Ok, I've fiddled some days with this case of iteration. Now new information, but lots of paper with interesting graphs...

Hmm, I haven't done this, because even if we get the coefficients linearly scaled this does not give obvious and special helpful interesting information when iterated. Also I doubt, that it can be done with higher polynomials - it was just computing a +/- deviance d of same abolute value of a sort of mean-value for the two fixpoints. If we have three or more, like f(x) = x + (x-t0)(x-t1)(x-t2) then in general there are no common d's with same absolute value - so I think, this will be impossible.

However, this led me to rethink the formula derived from symbolic eigensystem-decomposition of the b^x-1 - iteration. Written as function of height parameter h it is something like (where u=log(b) and the a_k are functions of x and u, resp are constant for given x and u) which made me fiddle with the derivatives, sums of f(h) with increasing h (again) and so on. If I have news, I'll post it in the tetra-series thread.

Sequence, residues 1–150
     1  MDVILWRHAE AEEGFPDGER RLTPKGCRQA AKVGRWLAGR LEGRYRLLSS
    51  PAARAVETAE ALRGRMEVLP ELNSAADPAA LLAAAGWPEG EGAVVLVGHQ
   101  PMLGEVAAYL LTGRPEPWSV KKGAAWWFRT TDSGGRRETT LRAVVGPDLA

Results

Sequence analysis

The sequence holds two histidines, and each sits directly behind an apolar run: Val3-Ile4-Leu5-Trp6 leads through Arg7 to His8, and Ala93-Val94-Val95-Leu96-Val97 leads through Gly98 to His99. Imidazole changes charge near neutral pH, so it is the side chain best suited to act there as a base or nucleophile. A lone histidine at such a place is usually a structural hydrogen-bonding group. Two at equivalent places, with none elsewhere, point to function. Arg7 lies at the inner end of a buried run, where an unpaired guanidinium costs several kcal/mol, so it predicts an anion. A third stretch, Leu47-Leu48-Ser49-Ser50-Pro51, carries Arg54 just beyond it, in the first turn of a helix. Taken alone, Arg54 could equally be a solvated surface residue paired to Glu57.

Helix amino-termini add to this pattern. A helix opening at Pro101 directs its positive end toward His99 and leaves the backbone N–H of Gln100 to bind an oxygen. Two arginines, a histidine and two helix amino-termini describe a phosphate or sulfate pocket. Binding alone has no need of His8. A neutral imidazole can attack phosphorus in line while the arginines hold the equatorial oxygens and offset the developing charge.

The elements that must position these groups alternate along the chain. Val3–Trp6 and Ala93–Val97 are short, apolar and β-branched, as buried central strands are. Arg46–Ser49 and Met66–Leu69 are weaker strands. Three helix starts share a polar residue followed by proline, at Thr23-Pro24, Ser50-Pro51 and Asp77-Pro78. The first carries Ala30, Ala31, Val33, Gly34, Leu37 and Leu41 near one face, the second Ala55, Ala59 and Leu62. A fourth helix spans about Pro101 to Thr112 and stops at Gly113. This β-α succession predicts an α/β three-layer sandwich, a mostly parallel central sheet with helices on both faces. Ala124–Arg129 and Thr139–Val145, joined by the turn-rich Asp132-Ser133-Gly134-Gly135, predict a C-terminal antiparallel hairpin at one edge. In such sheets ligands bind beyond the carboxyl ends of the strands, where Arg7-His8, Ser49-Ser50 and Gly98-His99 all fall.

Gottfried

bo198214 Wrote:but at least we have traced back the regular iteration at different fixed points to the regular iteration of different scalings. Does this also work for higher order polynomials?

Hmm, I haven't done this, because even if we get the coefficients linearly scaled this does not give obvious and special helpful interesting information when iterated. Also I doubt, that it can be done with higher polynomials - it was just computing a +/- deviance d of same abolute value of a sort of mean-value for the two fixpoints. If we have three or more, like f(x) = x + (x-t0)(x-t1)(x-t2) then in general there are no common d's with same absolute value - so I think, this will be impossible.

However, this led me to rethink the formula derived from symbolic eigensystem-decomposition of the b^x-1 - iteration. Written as function of height parameter h it is something like (where u=log(b) and the a_k are functions of x and u, resp are constant for given x and u) which made me fiddle with the derivatives, sums of f(h) with increasing h (again) and so on. If I have news, I'll post it in the tetra-series thread.

Gottfried

Gottfried Helms, Kassel